By Kathleen J. Jennings (firstname.lastname@example.org)
Yesterday, by a 5-4 decision along ideological lines, the U.S. Supreme Court held that employment contracts that contain arbitration clauses and class action waivers are enforceable. This ruling was not terribly surprising in light of the makeup of the Court, and it is considered a big win for employers.
What does this ruling mean? It means that employers can enforce written agreements with employees that require the employees to take any claims against the employer to arbitration (rather than into court) and that prohibit employees from bringing their claims as part of a class action.
Arbitration is generally faster and less expensive than court cases. Arbitration decisions are also harder to appeal than court decisions. Many employers would prefer to have employment claims heard by a single arbitrator than by a judge and jury.
The ability to enforce waivers of class action claims is likely to have major impact on employee wage and hour claims. Plaintiffs’ attorneys have embraced wage and hour collective actions as a way to get the most “bang for their buck.” In those collective actions, the individual members of the collective group often have to do little more than to sign an opt-in form to participate and eventually get a piece of a settlement or judgment. Requiring each individual to go to arbitration on his/her claim is likely to reduce the number of folks who pursue their claims.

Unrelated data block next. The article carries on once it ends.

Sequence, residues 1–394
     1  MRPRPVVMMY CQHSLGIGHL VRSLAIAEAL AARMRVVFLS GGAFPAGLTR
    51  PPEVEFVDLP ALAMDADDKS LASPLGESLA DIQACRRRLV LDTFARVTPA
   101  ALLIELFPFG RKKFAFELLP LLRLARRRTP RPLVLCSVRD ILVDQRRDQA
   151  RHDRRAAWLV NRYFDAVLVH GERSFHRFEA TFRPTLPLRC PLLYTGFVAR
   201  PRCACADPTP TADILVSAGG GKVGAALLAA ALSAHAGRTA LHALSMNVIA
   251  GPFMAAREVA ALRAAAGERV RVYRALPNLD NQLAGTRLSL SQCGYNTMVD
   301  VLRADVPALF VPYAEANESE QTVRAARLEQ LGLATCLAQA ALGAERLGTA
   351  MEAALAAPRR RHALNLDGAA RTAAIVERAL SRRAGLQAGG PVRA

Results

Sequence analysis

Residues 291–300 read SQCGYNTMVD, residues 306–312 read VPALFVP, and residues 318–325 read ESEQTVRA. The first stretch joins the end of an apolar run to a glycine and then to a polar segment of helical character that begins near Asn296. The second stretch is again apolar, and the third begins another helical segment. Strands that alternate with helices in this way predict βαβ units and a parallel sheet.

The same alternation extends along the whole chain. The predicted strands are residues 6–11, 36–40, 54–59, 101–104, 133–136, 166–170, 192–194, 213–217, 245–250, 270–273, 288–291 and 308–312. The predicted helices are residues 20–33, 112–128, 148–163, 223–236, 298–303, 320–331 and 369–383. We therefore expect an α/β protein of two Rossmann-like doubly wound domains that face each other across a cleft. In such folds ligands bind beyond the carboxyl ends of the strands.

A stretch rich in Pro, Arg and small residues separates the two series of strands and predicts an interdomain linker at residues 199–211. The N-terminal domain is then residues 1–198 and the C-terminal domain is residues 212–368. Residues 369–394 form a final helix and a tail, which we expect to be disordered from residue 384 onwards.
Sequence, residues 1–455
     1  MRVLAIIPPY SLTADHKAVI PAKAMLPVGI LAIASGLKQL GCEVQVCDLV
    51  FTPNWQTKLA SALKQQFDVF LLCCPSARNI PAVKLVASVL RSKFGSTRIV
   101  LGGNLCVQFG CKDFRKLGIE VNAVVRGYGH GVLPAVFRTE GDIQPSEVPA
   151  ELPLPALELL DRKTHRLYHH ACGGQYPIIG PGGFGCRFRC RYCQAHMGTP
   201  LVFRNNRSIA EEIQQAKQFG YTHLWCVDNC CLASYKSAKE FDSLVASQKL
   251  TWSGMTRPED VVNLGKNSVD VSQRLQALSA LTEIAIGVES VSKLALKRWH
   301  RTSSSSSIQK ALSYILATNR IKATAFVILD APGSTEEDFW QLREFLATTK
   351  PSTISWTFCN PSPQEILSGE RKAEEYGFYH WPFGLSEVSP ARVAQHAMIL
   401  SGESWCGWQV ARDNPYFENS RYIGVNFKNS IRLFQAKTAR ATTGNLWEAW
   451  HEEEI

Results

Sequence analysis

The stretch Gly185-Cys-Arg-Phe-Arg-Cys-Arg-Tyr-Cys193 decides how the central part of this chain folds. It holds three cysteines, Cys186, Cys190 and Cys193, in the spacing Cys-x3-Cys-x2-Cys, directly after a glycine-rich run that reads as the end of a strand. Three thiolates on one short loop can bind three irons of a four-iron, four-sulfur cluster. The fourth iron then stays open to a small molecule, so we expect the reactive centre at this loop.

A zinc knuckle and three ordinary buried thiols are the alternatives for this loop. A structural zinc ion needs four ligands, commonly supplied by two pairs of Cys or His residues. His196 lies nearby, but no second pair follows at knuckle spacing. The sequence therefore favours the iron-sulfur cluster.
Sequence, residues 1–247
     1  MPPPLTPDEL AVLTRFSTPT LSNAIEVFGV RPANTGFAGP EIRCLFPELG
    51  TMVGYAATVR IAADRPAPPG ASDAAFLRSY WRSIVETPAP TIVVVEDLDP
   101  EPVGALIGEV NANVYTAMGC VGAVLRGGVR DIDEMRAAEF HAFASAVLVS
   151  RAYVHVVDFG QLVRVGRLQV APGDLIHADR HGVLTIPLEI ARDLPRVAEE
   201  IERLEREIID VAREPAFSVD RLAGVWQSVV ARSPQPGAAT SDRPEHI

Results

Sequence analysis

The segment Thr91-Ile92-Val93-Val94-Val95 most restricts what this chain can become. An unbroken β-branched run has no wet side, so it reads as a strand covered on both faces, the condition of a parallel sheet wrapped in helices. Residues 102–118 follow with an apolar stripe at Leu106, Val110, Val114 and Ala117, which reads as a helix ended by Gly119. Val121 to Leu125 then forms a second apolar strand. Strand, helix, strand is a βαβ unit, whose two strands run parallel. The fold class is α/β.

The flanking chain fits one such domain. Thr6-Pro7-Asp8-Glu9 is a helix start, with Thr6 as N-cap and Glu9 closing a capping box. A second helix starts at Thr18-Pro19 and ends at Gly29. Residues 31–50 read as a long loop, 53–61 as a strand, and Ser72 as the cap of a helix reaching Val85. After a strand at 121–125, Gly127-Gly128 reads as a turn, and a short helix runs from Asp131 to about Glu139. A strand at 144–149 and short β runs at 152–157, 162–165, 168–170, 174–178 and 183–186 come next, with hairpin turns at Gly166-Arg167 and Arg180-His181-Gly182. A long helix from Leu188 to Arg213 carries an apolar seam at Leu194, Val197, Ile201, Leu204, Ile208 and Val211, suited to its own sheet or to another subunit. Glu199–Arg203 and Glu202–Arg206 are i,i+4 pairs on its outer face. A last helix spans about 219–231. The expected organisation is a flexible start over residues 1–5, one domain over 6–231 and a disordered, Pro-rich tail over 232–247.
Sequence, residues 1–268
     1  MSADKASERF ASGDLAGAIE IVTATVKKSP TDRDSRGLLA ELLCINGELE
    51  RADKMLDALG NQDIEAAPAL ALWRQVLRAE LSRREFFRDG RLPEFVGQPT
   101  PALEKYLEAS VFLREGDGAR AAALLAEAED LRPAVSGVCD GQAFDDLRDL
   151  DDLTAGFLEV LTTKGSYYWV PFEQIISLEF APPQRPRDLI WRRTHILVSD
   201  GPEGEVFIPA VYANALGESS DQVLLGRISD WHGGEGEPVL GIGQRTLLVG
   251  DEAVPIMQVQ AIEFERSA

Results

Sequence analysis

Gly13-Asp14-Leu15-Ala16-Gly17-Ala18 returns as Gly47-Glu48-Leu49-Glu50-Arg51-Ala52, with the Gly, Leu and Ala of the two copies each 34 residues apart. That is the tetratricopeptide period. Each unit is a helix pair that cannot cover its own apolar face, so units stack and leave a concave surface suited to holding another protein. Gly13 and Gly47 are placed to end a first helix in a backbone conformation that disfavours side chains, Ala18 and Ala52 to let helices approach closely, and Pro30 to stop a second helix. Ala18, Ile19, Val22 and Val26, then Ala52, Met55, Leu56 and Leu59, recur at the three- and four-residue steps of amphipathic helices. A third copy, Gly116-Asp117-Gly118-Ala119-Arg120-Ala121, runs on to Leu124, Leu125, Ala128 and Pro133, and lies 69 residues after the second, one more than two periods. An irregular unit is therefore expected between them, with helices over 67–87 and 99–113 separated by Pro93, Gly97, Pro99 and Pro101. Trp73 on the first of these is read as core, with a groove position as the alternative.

Does your company need an arbitration agreement that contains a class action waiver? The attorneys at Wimberly Lawson can tailor one to the needs of your business. You can contact any of our attorneys at (404) 365-0900.
Kathleen Jennings, Principal is a principal in the Atlanta office of Wimberly, Lawson, Steckel, Schneider, & Stine, P.C. She defends employers in sexual harassment and other employment litigation and provides training and counseling to employers in employment matters. She can be contacted at email@example.com.
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